Welcome to Brazilian bureaucracy, where it is better to have someone who knows the system. It’s usually best to get professional help so you can samba your way through the whole process.
After one year of marriage to a Brazilian national, and filing all of your citizenship by marriage paperwork — plus your permanent residency — it will be possible to apply for naturalization.
Because Brazil’s bureaucracy can prove to be a veritable nightmare for a foreigner, the entire process may take a couple of years. As with any second citizenship process, you’re at the mercy of the government. A good lawyer can make sure there are as few delays as possible.
Experienced lawyers in Brazil will most likely use a fixer (or “despanchante”, in Portuguese) to file your paperwork. Many expats have sought fixers to help them with the citizenship by marriage process, but while there are plenty of good fixers, there are also those who will actually harm your cause.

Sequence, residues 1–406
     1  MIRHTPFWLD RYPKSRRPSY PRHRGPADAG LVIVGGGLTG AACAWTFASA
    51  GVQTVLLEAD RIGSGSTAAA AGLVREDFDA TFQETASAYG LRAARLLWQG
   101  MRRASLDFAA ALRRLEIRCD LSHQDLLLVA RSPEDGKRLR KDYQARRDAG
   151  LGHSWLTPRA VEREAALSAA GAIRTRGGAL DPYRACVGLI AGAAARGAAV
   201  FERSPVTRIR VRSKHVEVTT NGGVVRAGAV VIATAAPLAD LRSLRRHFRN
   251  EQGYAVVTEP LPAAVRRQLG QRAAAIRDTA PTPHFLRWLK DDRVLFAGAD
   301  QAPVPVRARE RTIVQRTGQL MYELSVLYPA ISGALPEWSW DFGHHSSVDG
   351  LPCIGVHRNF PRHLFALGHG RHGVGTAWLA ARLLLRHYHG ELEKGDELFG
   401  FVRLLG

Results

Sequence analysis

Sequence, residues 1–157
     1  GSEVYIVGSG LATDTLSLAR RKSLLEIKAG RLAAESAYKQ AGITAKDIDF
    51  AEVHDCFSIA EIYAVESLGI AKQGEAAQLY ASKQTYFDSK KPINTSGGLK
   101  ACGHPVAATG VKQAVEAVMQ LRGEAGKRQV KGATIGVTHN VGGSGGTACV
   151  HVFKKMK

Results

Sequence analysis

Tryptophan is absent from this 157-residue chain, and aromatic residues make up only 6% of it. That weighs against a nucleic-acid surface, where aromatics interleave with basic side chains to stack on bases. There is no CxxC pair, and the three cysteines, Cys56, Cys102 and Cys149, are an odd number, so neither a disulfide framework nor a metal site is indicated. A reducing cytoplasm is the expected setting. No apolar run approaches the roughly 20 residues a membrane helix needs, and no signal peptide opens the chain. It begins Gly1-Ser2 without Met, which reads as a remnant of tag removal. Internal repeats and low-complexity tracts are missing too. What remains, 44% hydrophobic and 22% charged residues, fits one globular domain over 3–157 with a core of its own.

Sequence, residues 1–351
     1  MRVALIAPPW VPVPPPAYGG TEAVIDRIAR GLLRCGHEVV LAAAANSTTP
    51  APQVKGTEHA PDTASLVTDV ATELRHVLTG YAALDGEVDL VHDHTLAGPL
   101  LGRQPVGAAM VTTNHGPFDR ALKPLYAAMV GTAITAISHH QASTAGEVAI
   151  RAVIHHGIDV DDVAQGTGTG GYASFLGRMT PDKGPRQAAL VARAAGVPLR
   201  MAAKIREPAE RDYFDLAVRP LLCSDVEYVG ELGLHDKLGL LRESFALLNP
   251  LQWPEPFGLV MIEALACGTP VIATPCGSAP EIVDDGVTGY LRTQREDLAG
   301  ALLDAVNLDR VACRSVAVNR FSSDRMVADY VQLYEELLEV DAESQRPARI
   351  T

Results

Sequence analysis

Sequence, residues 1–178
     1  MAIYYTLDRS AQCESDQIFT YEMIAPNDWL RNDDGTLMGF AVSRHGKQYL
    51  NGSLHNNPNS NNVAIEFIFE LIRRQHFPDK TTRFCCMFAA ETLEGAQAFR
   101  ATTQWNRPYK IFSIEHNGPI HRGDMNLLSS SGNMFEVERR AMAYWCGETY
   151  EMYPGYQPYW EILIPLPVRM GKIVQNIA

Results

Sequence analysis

Like in many other countries in the world, it is necessary to work with someone who knows the minuscule details. It can prove to be very important.
Brazilian Residence by Investment
Before 2016, all you needed was the equivalent of R$150,000 lying around to invest in Brazil… about US$42,000 at the time.
After 2016, it increased to a staggering R$500,000, but with the plummeting exchange rate, it stands at a rough US$90,700 today.
You can still reduce that investment to the original R$150,000 (a rough US $29,570) if you create 10 jobs for Brazilian residents or if you invest in technology, scientific research, or innovative products.
Given how promising Brazil is for business, this sounds like a good deal to us.
If you don’t mind spending the next 4 or 5 years traveling in and out of Brazil, a Permanent Investor’s Visa may be perfect for you.
The first step in obtaining a Permanent Investor’s Visa is to go to Brazil.
The Permanent Visa for Investors, unlike naturalization from marriage, requires the applicant to apply for a work permit authorization through a government office.
You’ll want to make sure you bring all the right documents with you to Brazil, including a background check, birth certificate copies, and other similar documents.
Once on the ground, you’ll need to visit the appropriate government offices and prove to the Brazilian authorities that you can improve the economic situation in the country with your business.